Titanium Dioxide in Fake Meat: What is It?

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Titanium dioxide, a chemical compound identified as TiO2, is a white substance that forms when titanium oxidizes. While it is commonly used as a whitening pigment in paints and sunscreen lotions, it has also been used to change the color of fake meats, especially fake poultry.

The chemical compound is often found in faux turkey or faux chicken, including Tofurky “Chick’n.” It is also an ingredient in Beyond Meat’s new fake chicken tenders which are set to hit stores in October 2021. 

Why would fake meat companies use titanium dioxide? Real poultry is white meat and the various protein goop concoctions in fake meat need to be brightened up to look like real white meat. But the appetizing color may come with some serious health risks. 

The European Food Safety Authority (EFSA) has formally warned against using titanium dioxide as a food additive over concerns that it causes inflammation and neurotoxicity. The EFSA noted that it could not exclude titanium dioxide definitively from the list of ingredients that are genotoxic, meaning they can damage the DNA and potentially cause cancer. 

Some research from the EFSA has also indicated that titanium dioxide may accumulate in the liver, spleen, and kidneys, though studies on this topic often include a higher consumption rate of titanium dioxide than most individuals would ingest.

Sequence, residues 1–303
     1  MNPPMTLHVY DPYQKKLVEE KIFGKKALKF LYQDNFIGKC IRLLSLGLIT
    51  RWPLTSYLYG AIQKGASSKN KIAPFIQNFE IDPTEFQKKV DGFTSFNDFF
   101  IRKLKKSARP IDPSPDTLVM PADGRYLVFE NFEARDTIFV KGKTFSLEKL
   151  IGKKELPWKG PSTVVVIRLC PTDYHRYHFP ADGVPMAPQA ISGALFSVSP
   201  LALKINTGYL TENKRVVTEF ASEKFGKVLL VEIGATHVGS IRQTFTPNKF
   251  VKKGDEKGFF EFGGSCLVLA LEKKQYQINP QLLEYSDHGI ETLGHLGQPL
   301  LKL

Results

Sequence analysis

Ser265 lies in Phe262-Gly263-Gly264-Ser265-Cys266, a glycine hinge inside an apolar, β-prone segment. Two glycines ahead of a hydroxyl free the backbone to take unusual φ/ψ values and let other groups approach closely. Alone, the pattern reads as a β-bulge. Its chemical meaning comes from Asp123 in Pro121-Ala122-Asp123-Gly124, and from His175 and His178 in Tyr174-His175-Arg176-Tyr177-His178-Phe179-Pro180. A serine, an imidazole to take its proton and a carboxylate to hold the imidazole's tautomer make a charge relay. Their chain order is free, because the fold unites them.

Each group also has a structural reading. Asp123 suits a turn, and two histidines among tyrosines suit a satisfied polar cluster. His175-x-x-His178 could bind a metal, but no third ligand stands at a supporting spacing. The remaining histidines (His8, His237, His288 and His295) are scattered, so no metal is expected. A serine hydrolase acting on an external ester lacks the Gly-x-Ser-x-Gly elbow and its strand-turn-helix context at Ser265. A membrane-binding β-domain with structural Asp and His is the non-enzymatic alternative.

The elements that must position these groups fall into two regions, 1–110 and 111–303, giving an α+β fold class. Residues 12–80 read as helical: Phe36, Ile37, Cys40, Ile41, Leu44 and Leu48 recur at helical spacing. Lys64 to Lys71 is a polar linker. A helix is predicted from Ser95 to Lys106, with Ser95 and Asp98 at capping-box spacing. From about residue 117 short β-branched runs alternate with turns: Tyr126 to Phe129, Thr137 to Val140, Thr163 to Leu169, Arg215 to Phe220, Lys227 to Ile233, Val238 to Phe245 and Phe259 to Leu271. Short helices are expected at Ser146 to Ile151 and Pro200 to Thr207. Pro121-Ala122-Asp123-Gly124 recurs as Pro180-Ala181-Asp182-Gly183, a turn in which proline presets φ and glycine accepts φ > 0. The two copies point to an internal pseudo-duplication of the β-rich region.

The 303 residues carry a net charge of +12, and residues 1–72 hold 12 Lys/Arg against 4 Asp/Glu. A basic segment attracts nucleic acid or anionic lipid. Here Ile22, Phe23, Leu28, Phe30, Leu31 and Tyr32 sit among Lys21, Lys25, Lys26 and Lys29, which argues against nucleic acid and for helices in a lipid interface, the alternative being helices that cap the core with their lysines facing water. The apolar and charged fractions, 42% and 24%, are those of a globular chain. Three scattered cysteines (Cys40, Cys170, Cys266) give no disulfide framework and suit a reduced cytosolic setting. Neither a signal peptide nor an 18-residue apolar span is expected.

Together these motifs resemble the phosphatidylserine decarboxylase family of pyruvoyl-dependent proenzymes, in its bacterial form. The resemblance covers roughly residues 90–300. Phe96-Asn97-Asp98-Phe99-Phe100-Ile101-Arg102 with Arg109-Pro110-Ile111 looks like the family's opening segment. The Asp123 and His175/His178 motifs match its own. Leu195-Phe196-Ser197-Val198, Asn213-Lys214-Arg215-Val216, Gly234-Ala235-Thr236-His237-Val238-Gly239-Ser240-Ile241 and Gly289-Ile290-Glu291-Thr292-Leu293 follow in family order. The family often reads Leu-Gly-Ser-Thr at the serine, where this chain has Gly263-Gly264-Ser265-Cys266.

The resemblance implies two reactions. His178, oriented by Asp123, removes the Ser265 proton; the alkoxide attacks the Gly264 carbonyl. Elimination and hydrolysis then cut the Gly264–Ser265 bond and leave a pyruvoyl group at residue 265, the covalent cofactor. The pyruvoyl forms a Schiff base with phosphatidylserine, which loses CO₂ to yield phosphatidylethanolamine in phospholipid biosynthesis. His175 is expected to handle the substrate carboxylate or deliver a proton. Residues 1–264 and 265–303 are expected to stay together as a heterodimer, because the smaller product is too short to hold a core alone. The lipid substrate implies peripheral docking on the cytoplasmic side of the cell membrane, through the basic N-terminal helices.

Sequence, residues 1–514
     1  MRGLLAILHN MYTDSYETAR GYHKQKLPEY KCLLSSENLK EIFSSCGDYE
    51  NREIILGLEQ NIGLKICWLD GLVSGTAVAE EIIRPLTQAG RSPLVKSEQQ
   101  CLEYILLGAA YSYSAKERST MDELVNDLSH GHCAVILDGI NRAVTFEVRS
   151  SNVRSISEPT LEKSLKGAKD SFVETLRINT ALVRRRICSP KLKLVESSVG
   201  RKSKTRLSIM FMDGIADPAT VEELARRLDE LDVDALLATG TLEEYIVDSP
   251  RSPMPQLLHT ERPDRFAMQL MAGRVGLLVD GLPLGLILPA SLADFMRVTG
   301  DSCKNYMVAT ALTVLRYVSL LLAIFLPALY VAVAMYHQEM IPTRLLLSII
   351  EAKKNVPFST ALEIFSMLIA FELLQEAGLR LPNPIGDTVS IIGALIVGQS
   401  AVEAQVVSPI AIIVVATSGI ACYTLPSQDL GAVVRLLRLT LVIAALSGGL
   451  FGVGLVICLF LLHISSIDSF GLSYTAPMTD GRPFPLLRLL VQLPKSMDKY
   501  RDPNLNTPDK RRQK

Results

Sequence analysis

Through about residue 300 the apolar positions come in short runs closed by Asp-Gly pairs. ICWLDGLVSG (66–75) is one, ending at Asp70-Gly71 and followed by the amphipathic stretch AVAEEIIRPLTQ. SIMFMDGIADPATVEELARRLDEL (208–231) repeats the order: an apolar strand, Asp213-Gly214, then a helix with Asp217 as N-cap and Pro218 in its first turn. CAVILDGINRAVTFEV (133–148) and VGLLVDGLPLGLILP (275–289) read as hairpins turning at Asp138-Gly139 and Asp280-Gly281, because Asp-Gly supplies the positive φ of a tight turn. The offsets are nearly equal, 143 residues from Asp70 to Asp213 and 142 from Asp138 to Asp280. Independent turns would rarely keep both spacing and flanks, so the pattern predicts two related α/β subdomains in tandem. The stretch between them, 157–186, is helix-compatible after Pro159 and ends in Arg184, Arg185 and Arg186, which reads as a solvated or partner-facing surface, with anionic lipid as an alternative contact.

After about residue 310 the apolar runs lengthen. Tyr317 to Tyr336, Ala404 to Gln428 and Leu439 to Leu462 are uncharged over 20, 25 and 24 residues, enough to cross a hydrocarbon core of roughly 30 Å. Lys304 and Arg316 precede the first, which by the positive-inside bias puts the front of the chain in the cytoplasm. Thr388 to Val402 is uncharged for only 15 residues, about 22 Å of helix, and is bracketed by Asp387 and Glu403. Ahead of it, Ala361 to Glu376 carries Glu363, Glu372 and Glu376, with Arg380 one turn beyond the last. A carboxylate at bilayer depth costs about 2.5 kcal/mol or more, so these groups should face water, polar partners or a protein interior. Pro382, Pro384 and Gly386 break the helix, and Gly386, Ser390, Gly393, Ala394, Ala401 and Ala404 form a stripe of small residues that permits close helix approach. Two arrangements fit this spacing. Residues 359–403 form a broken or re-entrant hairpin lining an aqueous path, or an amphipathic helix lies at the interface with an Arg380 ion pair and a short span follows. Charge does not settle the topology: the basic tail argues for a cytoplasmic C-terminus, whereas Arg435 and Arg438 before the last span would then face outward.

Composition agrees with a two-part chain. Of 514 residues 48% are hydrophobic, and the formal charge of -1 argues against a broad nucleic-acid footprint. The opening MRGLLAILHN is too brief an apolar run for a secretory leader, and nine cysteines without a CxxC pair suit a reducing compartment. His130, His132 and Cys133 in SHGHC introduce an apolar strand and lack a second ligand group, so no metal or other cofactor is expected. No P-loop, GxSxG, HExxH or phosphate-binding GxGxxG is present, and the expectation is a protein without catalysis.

“Although the evidence for general toxic effects was not conclusive, on the basis of the new data and strengthened methods we could not rule out a concern for genotoxicity and consequently we could not establish a safe level for daily intake of the food additive,” stated Professor Matthew Wright of the EFSA’s working group. 

Titanium dioxide, when used in aerosols or paints, has been flagged as a possible carcinogen. 

The International Agency for Research on Cancer (IARC) has listed titanium dioxide as a Group 2B carcinogen. Additives included in Group 2B are chemicals that have the potential to cause cancers, but there have not been enough peer-reviewed studies to definitively classify the additive as carcinogenic. Titanium dioxide is also listed on the state of California’s Prop 65 list of restricted substances that are possible carcinogens. California officials have warned against using products that contain titanium dioxide, including spray-on sunscreens, that may be ingested into the body through the skin. 

The National Institute for Occupational Safety and Health in the United States has also listed titanium dioxide as an occupational carcinogen for workers who produce products with significant levels of the compound. 

The National Institutes of Health in the United States has noted it does not have sufficient research to determine all the risks of titanium dioxide, writing, “Although TiO2 is permitted as an additive (E171) in food and pharmaceutical products we do not have reliable data on its absorption, distribution, excretion and toxicity on oral exposure.”

The NIH also noted that titanium dioxide could harm animals and their ecosystems, adding, “TiO2 may also enter [the] environment, and while it exerts low acute toxicity to aquatic organisms, upon long-term exposure it induces a range of sub-lethal effects.”

While a lot remains unknown about titanium dioxide, families will certainly want to know that it is in fake meat products before they serve up these “chicken strips” to their families.